This sign brings up a lot of interesting talking points. The first one that hits me is back about 5 years ago when I heard someone propose (mostly jokingly) the idea of having a “Got EMR?” sign for offices. This isn’t quite the same, but does use some of the same idea of the value of EHR to patients.

I’ll set aside the part of the sign that talks about the government EHR mandate since we’ve talked about it plenty of times before (and how it’s not really a mandate). I’ll also avoid commenting on the “green practices” section of the sign, but it’s amazing how green has infiltrated marketing.

Instead, does anyone else find it amazing that the anticipated slow down for this clinic’s EHR implementation was so big that they typed and printed up a sign explaining the slow down? Maybe it’s just during the time that the doctors are training and not actually a slow down that has to do with actual use of the EHR after training. Although, I know many EHR vendors that are now rolling their eyes when they hear about the EHR training and implementation time and its effect on physician productivity.

I can’t help but wonder which EHR software this clinic is implementing. That would be interesting to know.

2014 EHR Mandate

Posted on January 13, 2011 I Written By

John Lynn is the Founder of the HealthcareScene.com blog network which currently consists of 10 blogs containing over 8000 articles with John having written over 4000 of the articles himself. These EMR and Healthcare IT related articles have been viewed over 16 million times. John also manages Healthcare IT Central and Healthcare IT Today, the leading career Health IT job board and blog. John is co-founder of InfluentialNetworks.com and Physia.com. John is highly involved in social media, and in addition to his blogs can also be found on Twitter: @techguy and @ehrandhit and LinkedIn.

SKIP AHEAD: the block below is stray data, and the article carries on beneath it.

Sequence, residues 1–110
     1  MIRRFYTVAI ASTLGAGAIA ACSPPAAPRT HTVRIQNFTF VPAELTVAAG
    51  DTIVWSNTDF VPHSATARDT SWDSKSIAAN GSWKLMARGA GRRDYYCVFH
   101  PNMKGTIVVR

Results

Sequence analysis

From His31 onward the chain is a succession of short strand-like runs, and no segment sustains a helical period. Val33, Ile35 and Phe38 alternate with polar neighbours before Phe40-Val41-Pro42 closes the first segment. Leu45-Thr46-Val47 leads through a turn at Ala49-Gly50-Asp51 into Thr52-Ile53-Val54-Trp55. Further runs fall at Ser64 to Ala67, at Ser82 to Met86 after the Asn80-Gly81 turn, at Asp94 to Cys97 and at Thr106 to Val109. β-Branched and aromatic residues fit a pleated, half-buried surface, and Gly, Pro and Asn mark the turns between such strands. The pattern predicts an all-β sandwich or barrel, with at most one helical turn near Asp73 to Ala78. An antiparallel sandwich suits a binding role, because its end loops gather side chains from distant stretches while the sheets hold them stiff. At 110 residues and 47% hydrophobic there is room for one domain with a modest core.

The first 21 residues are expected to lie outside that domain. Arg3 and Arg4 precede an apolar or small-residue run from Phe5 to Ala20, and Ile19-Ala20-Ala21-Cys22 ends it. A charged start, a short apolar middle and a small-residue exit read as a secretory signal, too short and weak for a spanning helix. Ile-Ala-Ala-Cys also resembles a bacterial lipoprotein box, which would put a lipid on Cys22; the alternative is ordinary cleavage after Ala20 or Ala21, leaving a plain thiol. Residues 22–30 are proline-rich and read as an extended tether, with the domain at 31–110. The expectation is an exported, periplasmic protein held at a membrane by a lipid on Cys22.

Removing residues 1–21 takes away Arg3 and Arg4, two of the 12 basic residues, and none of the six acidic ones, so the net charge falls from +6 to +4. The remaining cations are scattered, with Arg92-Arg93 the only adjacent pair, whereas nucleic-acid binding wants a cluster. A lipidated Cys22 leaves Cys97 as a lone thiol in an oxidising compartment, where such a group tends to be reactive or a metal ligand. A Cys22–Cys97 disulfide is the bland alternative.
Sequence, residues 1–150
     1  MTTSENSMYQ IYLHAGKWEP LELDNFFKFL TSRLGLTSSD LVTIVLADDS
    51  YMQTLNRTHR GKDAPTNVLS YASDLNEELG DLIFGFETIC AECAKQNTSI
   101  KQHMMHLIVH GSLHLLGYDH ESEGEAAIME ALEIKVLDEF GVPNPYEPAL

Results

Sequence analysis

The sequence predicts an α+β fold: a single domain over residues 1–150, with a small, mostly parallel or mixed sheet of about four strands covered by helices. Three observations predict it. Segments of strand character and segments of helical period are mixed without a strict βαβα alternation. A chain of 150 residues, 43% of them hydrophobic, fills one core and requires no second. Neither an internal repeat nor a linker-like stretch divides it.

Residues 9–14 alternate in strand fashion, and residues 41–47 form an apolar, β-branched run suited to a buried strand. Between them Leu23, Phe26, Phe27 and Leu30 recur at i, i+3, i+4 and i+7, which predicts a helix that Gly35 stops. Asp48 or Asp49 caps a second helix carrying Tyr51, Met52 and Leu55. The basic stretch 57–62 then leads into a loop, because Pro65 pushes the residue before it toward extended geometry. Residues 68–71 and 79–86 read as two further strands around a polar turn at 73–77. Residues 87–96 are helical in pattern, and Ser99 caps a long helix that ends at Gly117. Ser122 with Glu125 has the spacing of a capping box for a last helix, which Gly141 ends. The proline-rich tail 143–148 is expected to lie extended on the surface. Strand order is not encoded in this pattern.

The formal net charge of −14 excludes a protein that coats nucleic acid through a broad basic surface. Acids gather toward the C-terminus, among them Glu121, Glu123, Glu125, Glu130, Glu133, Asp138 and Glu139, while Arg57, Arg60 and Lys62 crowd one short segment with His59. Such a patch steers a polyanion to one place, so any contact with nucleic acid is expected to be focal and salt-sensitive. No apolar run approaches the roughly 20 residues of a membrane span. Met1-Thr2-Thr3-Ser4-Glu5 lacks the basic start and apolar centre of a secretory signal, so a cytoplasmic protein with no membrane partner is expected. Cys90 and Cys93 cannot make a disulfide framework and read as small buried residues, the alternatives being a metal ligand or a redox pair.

I have often found doctors talking about the 2014 mandate for adoption of EHR software. In fact, this post was inspired by a bunch of people searching online for the term “2014 EHR Mandate.” I think that they found my site because I previously did this post about Obama’s goal of Full EHR adoption by 2014.

If I’m remembering right, this was actually just an extension of Bush’s goal of having 100% EHR adoption by 2014. Obama took Bush’s original EMR aspiration and kept it going.

Although, I do have a real problem with people who like to call it an EHR mandate. It’s really not a mandate. A mandate for me implies that you are required to do it or there’s some grave consequence to it. It’s not like you’re going to be thrown in jail for not using an EHR or not be able to practice medicine if you don’t use an EHR (although some have hinted at this idea). Certainly the HITECH act has provided some Medicare penalties that could be considered a grave consequence to not adopting an EHR. Although, when you consider this example of the Medicare penalties it doesn’t look all that grave of a concern to me.